… then proceeded to two museums, each converted from the homes of their last residents, both Chinese, both owing their wealth to an admixture of speakable and unspeakable ventures in the last century.
Both patriarchs are certainly smiling now, each enjoying their respective glorious and final rewards, at the sight of busloads of tourists sweating in the unrelenting tropical climate, as tales of their business acumen and spectacular accomplishments are related… at… great… never ending… length.
Wednesday,18 March Phuket, Thailand
Having been unsuccessful in arranging for my demise yesterday in George Town Malaysia, Ellie redoubled her efforts today.
Response to a weather report, optimistically pegged at 94 degrees, 90% relative humidity?
Says Ellie, “Great, let’s take an open-to-the-elements boat trip, bound for sights that would have been spectacular, but for the unfavorable tides… and then go walkabout” on a couple of islands whose most memorable features may just have been the souvenir vendors, all in row (at “James Bond Island”) or in a rabbit warren of stalls (in the floating “Muslim Village”), who, in their torpor, did not even mount an honest effort at peddling their wares.
Next most memorable thing? The tour director emphasizing each opportunity to use a toilet.
A closing observation: it’s interesting how, as one advances beyond the flowering of youth, just how much effort you expend, given hours on a small craft crammed with near contemporaries clad in shorts and tees, trying to find favorable points of comparison between one’s physique and those of shipmates.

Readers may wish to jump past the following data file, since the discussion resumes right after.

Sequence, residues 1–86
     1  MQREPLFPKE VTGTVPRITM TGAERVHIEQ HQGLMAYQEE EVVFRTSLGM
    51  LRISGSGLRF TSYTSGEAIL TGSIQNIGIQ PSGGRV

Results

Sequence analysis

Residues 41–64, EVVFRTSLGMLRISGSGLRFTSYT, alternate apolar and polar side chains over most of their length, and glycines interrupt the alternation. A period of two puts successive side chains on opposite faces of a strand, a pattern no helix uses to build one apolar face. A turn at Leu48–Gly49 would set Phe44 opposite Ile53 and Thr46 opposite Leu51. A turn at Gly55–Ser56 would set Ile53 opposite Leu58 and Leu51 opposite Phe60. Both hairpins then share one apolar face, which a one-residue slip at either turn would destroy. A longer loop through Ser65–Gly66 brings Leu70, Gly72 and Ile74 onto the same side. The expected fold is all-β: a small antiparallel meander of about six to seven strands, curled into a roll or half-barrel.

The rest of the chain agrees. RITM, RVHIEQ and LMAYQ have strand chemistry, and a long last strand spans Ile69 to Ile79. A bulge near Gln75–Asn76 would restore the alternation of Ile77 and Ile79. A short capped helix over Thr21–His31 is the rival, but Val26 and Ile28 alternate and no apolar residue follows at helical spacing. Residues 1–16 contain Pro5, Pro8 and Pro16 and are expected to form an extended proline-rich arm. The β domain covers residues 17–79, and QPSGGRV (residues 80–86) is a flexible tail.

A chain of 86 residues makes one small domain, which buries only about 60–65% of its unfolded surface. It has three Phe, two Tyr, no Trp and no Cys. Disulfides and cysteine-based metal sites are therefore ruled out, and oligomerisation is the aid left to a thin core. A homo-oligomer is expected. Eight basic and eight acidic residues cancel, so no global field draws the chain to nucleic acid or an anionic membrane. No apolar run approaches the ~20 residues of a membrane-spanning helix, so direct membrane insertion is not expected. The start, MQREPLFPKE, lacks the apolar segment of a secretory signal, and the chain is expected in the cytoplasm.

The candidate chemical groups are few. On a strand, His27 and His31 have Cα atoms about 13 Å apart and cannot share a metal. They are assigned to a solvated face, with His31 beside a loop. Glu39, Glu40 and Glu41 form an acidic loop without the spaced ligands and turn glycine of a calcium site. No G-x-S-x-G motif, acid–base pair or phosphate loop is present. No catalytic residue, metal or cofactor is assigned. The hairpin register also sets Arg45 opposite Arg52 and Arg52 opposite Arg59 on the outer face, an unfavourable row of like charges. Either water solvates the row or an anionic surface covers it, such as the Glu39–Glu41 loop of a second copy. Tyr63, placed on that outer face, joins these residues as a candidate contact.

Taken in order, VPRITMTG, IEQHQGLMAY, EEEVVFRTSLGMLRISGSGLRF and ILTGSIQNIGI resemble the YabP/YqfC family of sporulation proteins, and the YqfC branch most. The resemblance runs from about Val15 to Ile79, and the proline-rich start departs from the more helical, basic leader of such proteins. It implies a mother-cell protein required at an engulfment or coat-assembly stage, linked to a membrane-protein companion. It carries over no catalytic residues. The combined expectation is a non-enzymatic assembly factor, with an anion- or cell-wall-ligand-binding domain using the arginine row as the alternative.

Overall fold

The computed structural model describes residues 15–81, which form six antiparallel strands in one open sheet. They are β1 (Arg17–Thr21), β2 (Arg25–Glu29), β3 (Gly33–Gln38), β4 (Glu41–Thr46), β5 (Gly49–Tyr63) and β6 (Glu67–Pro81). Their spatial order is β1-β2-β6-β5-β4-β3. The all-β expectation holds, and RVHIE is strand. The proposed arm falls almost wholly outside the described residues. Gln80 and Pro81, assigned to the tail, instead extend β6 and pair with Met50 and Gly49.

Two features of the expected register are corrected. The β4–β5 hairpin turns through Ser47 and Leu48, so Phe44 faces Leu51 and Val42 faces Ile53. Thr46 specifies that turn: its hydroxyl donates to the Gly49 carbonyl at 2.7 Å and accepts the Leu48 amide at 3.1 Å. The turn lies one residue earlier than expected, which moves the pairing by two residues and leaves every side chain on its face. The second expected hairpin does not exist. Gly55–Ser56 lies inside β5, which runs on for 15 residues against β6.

Post Post Confession: the history was actually rather interesting on day one, and the scenery spectacular on day two, and I enjoyed both in the end, (much as aficionados of S&M must enjoy their special pleasures).
Finally, I was able to confirm to my great relief that, despite suspicions to the contrary, Ellie has NOT taken out a large life insurance policy on me.
As I explained in my last post, I’m taking a MOOC at Stanford, entitled “Creativity: Music to My Ears.” Each week we have to tackle a “Challenge.” This week’s was focused on developing skills in observing and capturing details from your environment, in line with the idea that creativity starts with paying attention.
Our particular task was to find a place to capture all of the sounds heard over a half hour, and organize them into a mind map, and (optionally) into a soundtrack / video.
I worked from our place in Carmel Valley for ten days in late August, returning to NY last weekend, sad to leave it, and Ellie, behind. Our plan was for her to follow a few days later. Fate intervened however, when a business trip back to the west coast had to be organized at the last minute… a clear message from God. Result: a very nice long anniversary (35th!) weekend in paradise with my loving bride.